It’s been a busy two weeks, and I haven’t had a spare minute to write a blog post. I shouldn’t actually be writing one now because I’m at a silent meditation retreat, and it’s not really allowed.
But being here at the retreat center, a place I’ve come twice a year for the past 14 years or so, I remembered something that happened here 9 or 10 years ago, and thought I’d share.
On one particular retreat, I forgot to bring toothpaste. And I remember walking down the hill to the local drugstore, then Elephant Pharmacy, and contemplating my choices. Natural toothpaste like Tom’s of Maine or toothpaste full of synthetic ingredients like Crest or Colgate. Plastic packaging wasn’t even a consideration back then.
[Note: I realize there are problems with Tom’s of Maine toothpaste too. Keep reading. This post isn’t really about toothpaste.]
I remember turning my nose up at the Tom’s and saying to my friend Mark who was with me, “Ooh. Icky.” I chose the sweet, minty fresh Crest and felt kind of smug about NOT choosing the “hippy dippy” option.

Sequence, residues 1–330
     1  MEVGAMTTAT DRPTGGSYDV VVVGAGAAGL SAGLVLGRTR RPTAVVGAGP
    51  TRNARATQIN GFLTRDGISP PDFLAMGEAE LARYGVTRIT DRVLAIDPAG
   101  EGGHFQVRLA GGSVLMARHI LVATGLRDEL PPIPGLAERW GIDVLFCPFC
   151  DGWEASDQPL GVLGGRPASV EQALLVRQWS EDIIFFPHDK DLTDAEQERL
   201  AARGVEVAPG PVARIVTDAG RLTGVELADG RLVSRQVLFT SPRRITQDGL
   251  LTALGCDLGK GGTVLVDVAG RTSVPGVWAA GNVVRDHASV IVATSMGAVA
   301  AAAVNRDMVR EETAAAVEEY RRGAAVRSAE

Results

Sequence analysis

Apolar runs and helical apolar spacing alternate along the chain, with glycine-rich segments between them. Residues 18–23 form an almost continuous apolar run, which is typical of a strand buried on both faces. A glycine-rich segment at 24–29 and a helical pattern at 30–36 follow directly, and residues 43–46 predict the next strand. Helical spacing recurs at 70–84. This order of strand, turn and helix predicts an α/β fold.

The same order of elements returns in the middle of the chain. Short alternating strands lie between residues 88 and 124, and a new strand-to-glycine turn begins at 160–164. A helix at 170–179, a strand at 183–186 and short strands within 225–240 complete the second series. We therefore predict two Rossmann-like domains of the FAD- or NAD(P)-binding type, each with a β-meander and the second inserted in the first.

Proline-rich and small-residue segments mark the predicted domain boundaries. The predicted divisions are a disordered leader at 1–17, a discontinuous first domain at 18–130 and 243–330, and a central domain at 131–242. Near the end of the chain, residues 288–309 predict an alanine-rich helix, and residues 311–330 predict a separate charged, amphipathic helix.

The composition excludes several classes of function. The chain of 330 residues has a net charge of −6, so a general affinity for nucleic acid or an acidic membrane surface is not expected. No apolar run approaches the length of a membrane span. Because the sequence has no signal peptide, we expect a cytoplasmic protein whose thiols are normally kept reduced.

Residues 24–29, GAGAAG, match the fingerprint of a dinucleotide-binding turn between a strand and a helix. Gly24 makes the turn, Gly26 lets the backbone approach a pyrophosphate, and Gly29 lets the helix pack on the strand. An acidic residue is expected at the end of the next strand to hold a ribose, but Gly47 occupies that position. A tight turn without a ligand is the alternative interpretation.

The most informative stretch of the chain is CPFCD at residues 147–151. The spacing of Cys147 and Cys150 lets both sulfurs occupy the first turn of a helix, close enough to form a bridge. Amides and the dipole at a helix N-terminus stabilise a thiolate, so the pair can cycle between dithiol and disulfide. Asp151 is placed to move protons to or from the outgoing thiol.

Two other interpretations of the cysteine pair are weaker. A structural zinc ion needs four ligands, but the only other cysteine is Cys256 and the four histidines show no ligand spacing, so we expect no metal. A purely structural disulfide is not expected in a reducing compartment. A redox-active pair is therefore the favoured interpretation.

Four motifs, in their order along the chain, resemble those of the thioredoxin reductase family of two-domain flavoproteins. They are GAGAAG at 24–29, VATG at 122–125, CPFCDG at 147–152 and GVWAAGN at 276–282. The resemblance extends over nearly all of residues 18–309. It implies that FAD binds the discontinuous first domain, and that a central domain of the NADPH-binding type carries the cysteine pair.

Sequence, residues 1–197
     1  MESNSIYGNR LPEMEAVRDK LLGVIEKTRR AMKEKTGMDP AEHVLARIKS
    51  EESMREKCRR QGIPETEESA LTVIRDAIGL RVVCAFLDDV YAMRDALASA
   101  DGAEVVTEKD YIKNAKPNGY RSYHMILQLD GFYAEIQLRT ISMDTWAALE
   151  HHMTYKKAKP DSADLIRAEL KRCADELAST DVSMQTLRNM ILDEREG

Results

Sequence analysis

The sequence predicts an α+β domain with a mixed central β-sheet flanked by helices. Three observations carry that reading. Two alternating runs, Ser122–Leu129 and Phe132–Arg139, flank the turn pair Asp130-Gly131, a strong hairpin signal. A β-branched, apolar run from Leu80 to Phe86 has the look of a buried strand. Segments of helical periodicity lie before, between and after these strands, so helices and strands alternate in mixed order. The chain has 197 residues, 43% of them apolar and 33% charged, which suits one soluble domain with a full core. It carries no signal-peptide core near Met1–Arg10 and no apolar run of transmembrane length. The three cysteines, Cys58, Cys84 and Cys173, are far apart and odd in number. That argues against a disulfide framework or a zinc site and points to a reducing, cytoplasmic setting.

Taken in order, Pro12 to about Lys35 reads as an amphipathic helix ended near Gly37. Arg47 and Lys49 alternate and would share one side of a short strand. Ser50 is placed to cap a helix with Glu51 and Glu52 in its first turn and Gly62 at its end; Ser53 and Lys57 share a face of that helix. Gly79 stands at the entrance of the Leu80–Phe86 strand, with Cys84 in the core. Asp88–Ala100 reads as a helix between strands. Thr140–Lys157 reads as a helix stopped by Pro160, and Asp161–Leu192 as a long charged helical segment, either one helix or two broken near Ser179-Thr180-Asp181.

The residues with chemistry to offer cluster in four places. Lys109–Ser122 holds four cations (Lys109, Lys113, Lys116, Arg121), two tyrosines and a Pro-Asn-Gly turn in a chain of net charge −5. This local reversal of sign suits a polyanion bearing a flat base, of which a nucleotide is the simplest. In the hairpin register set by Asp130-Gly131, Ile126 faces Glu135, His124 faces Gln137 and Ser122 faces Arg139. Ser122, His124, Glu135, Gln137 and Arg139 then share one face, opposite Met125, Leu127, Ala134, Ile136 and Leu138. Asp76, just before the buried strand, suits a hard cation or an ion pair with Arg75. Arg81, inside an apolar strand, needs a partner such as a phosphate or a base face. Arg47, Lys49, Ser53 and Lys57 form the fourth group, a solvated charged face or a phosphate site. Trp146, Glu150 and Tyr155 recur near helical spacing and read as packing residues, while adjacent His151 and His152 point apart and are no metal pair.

As you know, things have really changed since then. A couple of years ago, it happened again… I forgot toothpaste. And deodorant. This time, I went to the local convenience store and bought a cheap box of baking soda to satisfy both needs. And I was super careful to only use one little bar of soap. And I remember one year wandering around the retreat center at night and turning off all the non-necessary lights that had been left on.
Anyway, my question to you is… how does this happen? How does someone go from choosing the yummy tingly toothpaste to the one that maybe doesn’t taste as great but leaves you with a clean conscience in addition to clean teeth?
This is the million dollar question. Because seriously, judging people for choosing what feels or tastes or smells good is not going to get them to change. So what do you think will?